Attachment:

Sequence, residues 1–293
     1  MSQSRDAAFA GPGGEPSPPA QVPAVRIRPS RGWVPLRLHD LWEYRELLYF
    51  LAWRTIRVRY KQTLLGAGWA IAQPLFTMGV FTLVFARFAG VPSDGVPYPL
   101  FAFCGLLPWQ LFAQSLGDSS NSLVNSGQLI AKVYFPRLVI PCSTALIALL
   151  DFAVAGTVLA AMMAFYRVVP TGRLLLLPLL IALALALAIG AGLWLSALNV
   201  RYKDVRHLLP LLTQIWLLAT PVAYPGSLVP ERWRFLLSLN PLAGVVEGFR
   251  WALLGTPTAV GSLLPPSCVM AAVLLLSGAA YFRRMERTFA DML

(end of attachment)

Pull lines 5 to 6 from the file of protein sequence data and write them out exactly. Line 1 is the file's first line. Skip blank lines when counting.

   151  DFAVAGTVLA AMMAFYRVVP TGRLLLLPLL IALALALAIG AGLWLSALNV
   201  RYKDVRHLLP LLTQIWLLAT PVAYPGSLVP ERWRFLLSLN PLAGVVEGFR